DailyHomeSafety may earn money when you buy through links on our site. Learn more
We may earn money when you buy through links on our site. Learn more
DailyHomeSafety is an independent informational website.

Why Do I Have Tiny Spiders In My House? What Attracts Them?

Last Updated on August 30, 2021

by | Pest Control

I often talk to people who are worried because their house is full of small spiders. Sometimes there are only a few dozen of these tiny creatures, however, it’s not uncommon to see hundreds of them either.

Although the vast majority of spiders that you may find in your home are harmless, they can be annoying once they start appearing all over the place.

The most likely reason for having loads of tiny spiders in your house is that an adult female spider previously laid a large number of eggs in a hidden corner of your home and those eggs have hatched recently. Sometimes spiders come from the outside, especially when the outdoor environment is unfavorable.

In this article, I’ll not only share my experiences but also give you all the information you need to know if you’re dealing with a disturbing number of spiders in your home.

Where Do These Tiny Spiders Come From?

In general, spiders can be divided into two big groups.

Some species are completely adapted to indoor life. Most of them are born indoors and live their whole life there. These spiders usually don’t survive outdoors.

The members of the other group are those species that primarily live in a natural environment. These spiders rarely appear inside a building because they survive much better outside.

In most cases, when you see a lot of tiny spiders inside your house, chances are good that they are from a species that lives indoors.

These spiders (unlike bugs or ants) are not coming from a distant place. They have always been there in your home.

In fact, it’s pretty rare that suddenly loads of spiders move into your house from the outside. A female spider might place the egg sac close to the window (or door) and some of the newborn spiders may start migrating inside, but this is the exception rather than the rule.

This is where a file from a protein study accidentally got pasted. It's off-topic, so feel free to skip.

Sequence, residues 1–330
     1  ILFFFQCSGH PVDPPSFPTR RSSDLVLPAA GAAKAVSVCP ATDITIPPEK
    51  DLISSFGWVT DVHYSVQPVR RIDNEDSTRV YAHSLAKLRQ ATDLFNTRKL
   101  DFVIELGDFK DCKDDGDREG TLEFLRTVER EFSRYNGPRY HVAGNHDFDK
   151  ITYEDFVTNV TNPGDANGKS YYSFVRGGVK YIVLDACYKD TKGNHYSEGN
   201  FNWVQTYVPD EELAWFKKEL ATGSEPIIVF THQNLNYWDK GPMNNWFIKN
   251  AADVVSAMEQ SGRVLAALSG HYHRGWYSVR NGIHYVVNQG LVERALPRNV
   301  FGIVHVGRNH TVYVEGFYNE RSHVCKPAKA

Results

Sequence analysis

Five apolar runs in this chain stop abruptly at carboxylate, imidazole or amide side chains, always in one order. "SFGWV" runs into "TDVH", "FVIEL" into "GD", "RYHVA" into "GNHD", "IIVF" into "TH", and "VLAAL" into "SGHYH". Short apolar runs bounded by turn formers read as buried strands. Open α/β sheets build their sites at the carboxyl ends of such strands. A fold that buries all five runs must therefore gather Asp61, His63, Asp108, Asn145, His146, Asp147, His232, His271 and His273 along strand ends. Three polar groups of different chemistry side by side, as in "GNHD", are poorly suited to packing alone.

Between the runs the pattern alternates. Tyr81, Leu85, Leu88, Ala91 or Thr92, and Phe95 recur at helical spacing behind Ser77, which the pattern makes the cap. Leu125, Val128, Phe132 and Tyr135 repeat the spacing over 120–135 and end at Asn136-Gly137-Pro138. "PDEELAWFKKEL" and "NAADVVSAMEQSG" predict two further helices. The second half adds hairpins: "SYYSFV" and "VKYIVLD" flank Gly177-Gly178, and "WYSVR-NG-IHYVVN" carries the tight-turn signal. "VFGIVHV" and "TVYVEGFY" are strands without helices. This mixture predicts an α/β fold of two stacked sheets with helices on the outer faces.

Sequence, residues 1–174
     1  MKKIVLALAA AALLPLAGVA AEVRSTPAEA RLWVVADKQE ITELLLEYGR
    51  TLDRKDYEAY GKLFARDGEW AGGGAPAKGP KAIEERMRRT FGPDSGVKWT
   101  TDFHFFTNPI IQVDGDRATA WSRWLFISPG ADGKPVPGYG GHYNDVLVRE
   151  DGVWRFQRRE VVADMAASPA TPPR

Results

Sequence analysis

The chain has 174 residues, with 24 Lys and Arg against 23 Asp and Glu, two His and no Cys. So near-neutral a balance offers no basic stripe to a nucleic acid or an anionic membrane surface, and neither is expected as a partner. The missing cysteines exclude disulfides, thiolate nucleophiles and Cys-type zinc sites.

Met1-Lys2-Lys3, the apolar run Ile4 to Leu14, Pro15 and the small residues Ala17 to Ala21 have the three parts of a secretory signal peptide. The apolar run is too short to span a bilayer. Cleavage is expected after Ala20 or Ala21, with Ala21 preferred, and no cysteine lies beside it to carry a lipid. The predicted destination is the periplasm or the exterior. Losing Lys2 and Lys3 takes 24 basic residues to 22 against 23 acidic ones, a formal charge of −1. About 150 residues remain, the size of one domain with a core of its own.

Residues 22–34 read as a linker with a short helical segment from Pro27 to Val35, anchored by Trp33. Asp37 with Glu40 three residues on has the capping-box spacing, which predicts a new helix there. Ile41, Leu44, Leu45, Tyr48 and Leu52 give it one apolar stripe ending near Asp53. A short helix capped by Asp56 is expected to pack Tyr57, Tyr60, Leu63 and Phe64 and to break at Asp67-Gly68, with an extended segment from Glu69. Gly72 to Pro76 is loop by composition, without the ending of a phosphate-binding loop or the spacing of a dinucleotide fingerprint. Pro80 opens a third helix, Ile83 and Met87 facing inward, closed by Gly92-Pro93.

Unless they have to deal with harsh weather conditions, those that already live outdoors, prefer to stay there.

Of course, sometimes a spider or two might wander in through the window or cracks but it’s unlikely that a bunch of spiders would do that at the same time.

So if you find a lot of little spiders, your first job should be to look for egg sacs and remove all of them to prevent unhatched eggs from hatching in the room. Of course, you can also remove the tiny spiders using a vacuum cleaner or a sticky trap (or a piece of paper).

Here’s a baby spider in the bathroom of one of my clients:

Baby spider

Why Are There So Many of Them?

Having a large number of spiders in a house for a long time usually means that there’s a lot of food there. By food, I mean other insects, such as flies, mosquitos, ants, etc.

Sometimes the presence of spiders may call the attention to an underlying insect infestation. An invasion of spiders on a place never happens by chance.

Besides the abundance of food, a tough outdoor environment could be another reason for mass migration to an indoor area.

Last but not least, dozens or hundreds of tiny spiders at the same place or relatively close to each other suggests that they’ve just hatched from the eggs.

Although this scenario is associated with the largest number of spiders, I don’t necessarily call this a spider infestation because most of them won’t survive too long. So their presence is temporary in this case.

What Attracts Spiders?

Simply put, food and shelter. The abundance of insects and bugs strongly attracts spiders as readily available food sources are essential for both reproduction and survival. Also, dark and cluttered areas, hidden and secluded places are optimal habitats for most spiders.

Wet sites and house plants usually attract all kinds of insects, and as a consequence spiders will sooner or later appear in these places.

Are They Baby Spiders or Adult Ones? This Is How You Can Distinguish Them

The thing is that not all tiny spiders are the same.

If you see a tiny spider, there are two possibilities. You’re either dealing with

  • a baby spider or
  • an adult one of a species that only grow small.

This distinction is highly important. Baby spiders and tiny adult ones behave differently.